I’m sorry, I really don’t want to come off as antagonistic but isn’t then the only use case for GLM to pay for/be rewarded for processing power? There is no DAO, there is no on-chain governance? There is basically no reason for someone to hold this token, unless they’re planning to purchase processing power? So the only borrowing use case would be if I want to purchase processing power right now and speculate that the price of GLM will go down in the future, so that I can rebuy and repay at a more favourable $ value?
The token contract being non custodial is good. But I don’t quite get the point of voting by migrating? Wouldn’t it then be a bit concerning that within a full year, only 55% have migrated and the rest have seemingly forgotten about their holdings? And how would you integrate that into a risk analysis? A risk analysis is in ANY case just a snapshot of the current risk. It can change in the future, yes. But that isn’t what’s being evaluated. Right now GLM has 14k holders. GNT holders are irrelevant. Perceived lesser risk in the future is irrelevant.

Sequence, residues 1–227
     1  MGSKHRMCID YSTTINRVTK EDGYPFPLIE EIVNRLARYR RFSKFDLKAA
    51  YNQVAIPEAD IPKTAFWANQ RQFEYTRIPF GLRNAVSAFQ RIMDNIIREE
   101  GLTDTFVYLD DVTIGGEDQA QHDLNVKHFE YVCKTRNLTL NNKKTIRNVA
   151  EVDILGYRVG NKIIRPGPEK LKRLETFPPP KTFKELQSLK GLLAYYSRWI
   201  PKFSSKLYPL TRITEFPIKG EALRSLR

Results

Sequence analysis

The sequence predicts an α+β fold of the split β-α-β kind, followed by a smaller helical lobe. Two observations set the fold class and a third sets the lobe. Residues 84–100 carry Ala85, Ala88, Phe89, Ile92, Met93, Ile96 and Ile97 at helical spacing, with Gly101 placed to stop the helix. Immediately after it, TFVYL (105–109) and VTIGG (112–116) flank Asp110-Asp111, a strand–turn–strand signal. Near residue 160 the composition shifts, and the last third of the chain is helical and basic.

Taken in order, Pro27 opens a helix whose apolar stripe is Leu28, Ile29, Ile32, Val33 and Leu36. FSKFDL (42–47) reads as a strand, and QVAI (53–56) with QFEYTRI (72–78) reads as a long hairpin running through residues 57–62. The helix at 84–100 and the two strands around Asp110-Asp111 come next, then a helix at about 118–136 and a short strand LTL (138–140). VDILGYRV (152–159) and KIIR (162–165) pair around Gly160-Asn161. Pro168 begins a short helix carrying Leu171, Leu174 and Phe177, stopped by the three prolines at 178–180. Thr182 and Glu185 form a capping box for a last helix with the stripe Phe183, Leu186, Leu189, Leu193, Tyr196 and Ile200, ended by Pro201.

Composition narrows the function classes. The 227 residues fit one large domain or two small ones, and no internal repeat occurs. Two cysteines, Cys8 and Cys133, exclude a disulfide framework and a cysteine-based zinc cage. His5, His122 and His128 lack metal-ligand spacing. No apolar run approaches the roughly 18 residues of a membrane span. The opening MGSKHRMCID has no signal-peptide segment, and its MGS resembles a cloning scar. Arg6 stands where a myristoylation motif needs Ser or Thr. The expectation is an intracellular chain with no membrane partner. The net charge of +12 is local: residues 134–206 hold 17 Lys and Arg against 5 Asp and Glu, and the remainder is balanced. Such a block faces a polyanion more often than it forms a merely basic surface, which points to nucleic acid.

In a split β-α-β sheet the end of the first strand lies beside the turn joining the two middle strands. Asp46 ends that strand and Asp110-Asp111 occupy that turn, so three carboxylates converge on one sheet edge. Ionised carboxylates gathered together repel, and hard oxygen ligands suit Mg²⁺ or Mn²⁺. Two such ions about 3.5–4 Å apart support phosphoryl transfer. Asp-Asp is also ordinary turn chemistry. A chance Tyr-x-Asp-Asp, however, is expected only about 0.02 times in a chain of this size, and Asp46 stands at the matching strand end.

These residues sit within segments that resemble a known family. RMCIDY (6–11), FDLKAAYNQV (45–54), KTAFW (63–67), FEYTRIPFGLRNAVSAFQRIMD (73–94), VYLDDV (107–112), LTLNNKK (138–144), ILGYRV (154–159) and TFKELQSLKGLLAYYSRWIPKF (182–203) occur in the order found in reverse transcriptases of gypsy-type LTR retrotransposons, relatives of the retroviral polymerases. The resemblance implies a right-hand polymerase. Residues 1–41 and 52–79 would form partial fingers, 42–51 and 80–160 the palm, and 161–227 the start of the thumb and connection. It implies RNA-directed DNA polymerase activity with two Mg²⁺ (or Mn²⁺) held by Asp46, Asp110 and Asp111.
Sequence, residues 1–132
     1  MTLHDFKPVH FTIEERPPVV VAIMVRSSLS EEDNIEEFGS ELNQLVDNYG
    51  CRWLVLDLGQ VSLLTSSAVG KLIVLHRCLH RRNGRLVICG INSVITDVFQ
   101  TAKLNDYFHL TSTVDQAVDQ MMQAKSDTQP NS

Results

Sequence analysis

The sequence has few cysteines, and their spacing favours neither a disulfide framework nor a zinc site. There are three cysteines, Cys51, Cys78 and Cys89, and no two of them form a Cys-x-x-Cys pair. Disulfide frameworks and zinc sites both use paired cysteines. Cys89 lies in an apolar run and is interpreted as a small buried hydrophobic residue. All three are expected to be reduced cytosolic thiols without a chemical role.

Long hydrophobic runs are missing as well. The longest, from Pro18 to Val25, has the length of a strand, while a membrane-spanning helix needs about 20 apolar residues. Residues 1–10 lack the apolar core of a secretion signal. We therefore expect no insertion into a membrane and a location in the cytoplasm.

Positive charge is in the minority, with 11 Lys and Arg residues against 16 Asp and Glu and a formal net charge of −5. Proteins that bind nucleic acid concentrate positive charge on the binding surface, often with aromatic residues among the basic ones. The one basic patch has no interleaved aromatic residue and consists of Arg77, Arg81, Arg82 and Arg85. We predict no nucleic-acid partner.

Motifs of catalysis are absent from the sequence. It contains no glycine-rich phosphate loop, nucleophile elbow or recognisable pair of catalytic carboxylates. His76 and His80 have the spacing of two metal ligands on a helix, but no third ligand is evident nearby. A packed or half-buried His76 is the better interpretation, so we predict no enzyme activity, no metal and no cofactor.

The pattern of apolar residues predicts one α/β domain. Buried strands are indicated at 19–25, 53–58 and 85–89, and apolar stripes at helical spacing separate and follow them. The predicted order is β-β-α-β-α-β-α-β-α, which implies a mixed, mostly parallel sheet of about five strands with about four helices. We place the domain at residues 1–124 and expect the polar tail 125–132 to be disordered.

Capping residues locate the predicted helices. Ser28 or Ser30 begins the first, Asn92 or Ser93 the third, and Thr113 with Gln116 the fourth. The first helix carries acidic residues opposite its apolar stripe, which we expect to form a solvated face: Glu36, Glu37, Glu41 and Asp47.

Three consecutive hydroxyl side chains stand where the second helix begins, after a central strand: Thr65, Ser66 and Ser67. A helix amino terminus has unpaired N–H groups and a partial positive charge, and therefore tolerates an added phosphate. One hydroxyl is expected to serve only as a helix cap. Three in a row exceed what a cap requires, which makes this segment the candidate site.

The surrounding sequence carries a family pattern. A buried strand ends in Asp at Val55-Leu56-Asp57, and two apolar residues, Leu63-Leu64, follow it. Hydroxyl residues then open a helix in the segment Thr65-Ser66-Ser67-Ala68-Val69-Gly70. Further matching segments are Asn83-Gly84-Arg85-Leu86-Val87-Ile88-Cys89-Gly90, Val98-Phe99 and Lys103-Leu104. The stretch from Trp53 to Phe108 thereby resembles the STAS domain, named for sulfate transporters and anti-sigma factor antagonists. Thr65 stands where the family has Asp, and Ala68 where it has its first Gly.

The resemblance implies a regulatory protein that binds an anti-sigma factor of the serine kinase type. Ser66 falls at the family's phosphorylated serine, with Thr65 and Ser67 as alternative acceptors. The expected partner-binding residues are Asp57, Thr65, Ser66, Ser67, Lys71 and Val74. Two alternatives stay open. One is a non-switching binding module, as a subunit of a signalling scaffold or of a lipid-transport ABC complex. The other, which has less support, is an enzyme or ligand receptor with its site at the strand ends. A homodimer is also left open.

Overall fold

The social consensus of the grid computing platform is not at issue. It doesn’t really have anything to do with the token. Counterparty risk assesses if some entity or governance attack would be able to mess with the token contract. An example would be infinite minting of GLM. If Golem Factory GmbH has no control over the token contract - who does?